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PhD application FAQ

Inquiries about our graduate programs should go to Rachel Richmond, graduate secretary

Admission to the PhD program is based on your previous academic record, proposed area of research and reference letters.

Students accepted into our PhD program are expected to have an average of A- (GPA 7.0) in their MA program. They should have positive letters of reference that speak strongly in support of their capability to complete a PhD program.

Lastly, students should submit a statement of research interest that shows that faculty members in our program are able to supervise their project.   

Your research proposal should fit into one of our fields of specialization:

  • Canadian politics
  • comparative public policy and governance
  • contemporary social theory
  • cultural, social and political thought
  • democratic constitutionalism
  • Indigenous nationhood
  • international and transnational politics
  • politics in the global south

Your proposal should fall within the expertise of one of our faculty members, and we encourage you to contact faculty members to see if they are willing and able to be the supervisor.

A PhD supervisor and PhD candidate make a commitment which will last for several years. Both the supervisor and department must be able to provide the necessary support for each applicant.

We receive many applications each year and are only able to admit a small number. The admissions committee is selective when it considers applications for the PhD program.

An applicant might be able to pursue a PhD program successfully, and yet not be offered a place in our program because we do not think we could provide what they need to be successful. This is a judgement we make about ourselves, not about the applicant.

There is only way of finding out whether you will be accepted: apply and let us review your application. No one can give you a true estimate of your chances in advance because no one will have seen your full application. We do our best to take all relevant factors into account.

The 2 letters of reference are extremely important. They should clearly outline your potential to succeed in graduate school.

Our committee looks for evidence that you have a strong background in political science and have developed the skills to succeed in graduate school. Most importantly, the letters should show whether you have a capacity for independent thinking and research.

The letters are meant to provide additional information to your transcripts. They give professors the opportunity to show us that you have potential to complete a PhD program and make an original contribution to your field of study.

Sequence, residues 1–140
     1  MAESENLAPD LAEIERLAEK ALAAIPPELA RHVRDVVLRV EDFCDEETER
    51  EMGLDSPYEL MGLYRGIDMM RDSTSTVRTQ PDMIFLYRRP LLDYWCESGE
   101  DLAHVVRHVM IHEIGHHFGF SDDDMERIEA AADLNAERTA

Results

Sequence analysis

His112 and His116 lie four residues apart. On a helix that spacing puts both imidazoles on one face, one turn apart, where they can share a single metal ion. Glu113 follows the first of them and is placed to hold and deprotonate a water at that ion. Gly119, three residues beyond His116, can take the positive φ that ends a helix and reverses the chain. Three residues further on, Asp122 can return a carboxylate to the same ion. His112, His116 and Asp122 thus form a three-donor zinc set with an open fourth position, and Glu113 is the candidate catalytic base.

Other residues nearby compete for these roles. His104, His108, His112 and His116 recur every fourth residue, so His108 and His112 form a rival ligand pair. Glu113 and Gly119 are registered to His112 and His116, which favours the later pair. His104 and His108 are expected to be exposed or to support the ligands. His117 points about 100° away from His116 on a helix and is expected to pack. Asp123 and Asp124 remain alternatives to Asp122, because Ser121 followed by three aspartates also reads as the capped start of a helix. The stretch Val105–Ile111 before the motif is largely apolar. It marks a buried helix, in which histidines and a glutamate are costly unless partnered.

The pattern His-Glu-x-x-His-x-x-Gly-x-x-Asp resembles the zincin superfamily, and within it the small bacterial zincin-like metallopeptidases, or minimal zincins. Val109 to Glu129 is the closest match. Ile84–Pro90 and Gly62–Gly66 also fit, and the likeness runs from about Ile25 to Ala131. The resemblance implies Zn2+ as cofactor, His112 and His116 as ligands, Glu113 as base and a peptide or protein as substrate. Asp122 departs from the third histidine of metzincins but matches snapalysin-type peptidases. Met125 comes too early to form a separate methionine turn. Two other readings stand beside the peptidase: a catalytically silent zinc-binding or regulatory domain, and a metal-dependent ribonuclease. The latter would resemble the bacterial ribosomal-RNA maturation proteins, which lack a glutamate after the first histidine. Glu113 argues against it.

Research proposal

Your statement of research interest is also important. We read it to get a sense of what you want to do at the PhD level. We are impressed by mature, thoughtful, well-written letters. We can tell a lot about you by the way you describe your academic intentions.

Do you know something about the field in which you are proposing to concentrate? Have you read enough of the appropriate literature to be able to identify a problem worth pursuing? Have you understood what you have read? Do you have a realistic sense of what you can accomplish as a PhD student?

We know that you may still be thinking about your research topic. We understand that you may change your mind about what you want to do. We want to know whether you understand what research in your field of political science might involve and what a research topic might look like.

Cost to complete a PhD includes tuition and other education costs (such as fees and books) as well as basic living expenses.

Tuition at the University of Victoria is $2,135 plus fees, so students should expect to pay between $6,500 and $7,000 per year for tuition.

Cost of living in Victoria is high, and we find that most students will need to set aside $25,000 per year during their PhD studies.  

We are able to provide some funding in the form of graduate awards, teaching assistantships (TAs) and research assistantships (RAs) to help cover some of the costs. Depending on whether you qualify for all potential awards, PhD students receive between $18,000 and $22,000 in funding for 1 year.

We highly recommend that you apply for external funding as well, such as the graduate fellowships offered through the Social Sciences and Humanities Research Council (SSHRC).